Amid reports Friday that G7 nations and several tech companies, such as Google and Facebook, were deploying new measures to block jihadist propaganda on the Internet, INTERPOL announced its own effort, says a new report from Joseph Farah’s G2 Bulletin.
The global law-enforcement alliance wants to create and maintain a list of known terrorists worldwide.
The G7 effort, which aims to take jihadist content offline within two hours, was praised by Italian Interior Minister Marco Minniti as “the first steps toward a great alliance in the name of freedom,” reported Agence France-Presse.
Acting Homeland Security Secretary Elaine Duke said, “Our enemies are moving at the speed of a tweet and we need to counter them just as quickly.”
But it was just one of the moves proposed at this week’s meetings of G7 interior ministers in Italy.
The other is a call for organization, within INTERPOL, of a global platform of information about known foreign terrorist fighters.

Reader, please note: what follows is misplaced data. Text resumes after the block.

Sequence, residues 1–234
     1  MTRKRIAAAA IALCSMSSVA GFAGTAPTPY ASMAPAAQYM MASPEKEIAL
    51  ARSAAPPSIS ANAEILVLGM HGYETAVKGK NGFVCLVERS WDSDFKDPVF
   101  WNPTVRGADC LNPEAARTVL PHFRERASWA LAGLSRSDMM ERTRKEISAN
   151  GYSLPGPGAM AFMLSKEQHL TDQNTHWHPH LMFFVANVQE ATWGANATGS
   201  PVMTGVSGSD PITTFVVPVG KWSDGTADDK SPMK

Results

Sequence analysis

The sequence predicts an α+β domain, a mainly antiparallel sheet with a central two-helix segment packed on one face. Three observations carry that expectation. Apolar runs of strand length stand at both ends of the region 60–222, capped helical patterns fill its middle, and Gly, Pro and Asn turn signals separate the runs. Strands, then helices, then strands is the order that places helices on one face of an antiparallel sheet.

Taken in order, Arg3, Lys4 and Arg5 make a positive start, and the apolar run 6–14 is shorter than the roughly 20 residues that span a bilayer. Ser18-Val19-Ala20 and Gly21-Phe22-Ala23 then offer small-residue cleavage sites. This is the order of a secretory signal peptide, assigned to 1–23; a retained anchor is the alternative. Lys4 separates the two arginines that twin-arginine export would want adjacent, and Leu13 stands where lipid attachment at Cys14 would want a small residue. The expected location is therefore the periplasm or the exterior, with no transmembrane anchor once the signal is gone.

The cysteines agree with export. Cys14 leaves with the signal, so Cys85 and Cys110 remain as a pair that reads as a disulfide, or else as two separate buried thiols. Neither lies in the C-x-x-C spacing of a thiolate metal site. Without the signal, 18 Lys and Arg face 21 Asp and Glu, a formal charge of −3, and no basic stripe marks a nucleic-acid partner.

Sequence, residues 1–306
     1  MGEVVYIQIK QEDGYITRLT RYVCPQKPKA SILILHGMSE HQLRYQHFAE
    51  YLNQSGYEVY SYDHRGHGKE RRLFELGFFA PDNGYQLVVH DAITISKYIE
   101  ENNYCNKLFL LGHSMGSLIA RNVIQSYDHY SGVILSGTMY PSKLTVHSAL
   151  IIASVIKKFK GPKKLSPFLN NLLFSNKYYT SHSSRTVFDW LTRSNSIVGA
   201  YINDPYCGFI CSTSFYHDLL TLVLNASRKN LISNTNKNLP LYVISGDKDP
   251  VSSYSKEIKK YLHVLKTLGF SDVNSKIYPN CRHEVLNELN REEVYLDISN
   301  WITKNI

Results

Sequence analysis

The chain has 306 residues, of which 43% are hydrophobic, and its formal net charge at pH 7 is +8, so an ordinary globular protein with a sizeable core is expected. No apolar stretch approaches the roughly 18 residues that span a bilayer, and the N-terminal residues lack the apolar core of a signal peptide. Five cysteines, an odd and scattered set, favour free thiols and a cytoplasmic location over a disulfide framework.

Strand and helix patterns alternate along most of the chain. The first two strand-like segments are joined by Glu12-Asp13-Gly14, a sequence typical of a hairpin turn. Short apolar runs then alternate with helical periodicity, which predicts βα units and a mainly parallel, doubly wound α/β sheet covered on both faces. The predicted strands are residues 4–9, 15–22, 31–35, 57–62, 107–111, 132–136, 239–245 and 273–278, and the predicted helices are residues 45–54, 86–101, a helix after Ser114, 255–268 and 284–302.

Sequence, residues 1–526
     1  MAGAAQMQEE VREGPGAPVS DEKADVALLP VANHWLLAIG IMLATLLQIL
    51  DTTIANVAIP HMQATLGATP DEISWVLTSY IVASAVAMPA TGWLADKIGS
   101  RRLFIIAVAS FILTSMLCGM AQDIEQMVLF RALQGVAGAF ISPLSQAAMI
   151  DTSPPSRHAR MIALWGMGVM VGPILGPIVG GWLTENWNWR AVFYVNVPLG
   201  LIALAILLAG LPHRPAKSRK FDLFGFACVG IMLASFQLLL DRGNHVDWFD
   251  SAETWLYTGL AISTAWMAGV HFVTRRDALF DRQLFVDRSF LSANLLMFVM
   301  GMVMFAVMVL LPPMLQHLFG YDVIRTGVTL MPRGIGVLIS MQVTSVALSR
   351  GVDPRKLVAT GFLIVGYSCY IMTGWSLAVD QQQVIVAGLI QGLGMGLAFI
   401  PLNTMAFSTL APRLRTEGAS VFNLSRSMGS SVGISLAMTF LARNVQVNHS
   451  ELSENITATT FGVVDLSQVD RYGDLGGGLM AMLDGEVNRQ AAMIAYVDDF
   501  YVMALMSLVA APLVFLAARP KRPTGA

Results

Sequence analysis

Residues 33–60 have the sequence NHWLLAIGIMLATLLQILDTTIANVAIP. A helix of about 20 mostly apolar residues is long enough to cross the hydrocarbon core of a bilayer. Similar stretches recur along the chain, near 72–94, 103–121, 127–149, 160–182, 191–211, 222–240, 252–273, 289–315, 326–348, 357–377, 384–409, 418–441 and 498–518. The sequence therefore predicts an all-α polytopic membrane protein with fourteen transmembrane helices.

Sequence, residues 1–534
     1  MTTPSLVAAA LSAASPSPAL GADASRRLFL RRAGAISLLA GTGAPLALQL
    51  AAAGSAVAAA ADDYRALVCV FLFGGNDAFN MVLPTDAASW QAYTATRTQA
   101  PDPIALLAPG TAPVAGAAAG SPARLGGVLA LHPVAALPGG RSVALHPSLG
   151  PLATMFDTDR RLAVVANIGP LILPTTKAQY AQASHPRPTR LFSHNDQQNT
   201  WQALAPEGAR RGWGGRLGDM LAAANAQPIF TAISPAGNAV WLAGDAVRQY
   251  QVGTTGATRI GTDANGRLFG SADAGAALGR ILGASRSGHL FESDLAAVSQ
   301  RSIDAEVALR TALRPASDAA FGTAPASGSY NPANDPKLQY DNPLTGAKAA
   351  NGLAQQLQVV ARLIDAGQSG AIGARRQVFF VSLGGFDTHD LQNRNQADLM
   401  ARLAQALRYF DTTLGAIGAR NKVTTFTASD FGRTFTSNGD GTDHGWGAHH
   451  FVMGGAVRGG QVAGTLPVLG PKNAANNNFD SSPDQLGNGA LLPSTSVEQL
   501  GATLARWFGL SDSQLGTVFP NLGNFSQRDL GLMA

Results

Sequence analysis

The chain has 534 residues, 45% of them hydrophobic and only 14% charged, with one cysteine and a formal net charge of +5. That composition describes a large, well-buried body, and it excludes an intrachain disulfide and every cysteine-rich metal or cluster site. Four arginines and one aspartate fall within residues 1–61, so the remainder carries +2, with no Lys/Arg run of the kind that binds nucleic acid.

The international group that organizers cooperative police efforts worldwide noted it already has nearly 40,000 such “fighters” in its files, “making it the world’s largest repository of such information.”
G7 interior ministers endorsed the plan to have INTERPOL hold and provide access to “criminal information, including biometric data and other information collected from the battlefield.”
“INTERPOL pioneered military-to-law enforcement information exchange, starting in 2005 with Project Vennlig in Iraq, and later in Afghanistan through Project Hamah,” the international group said.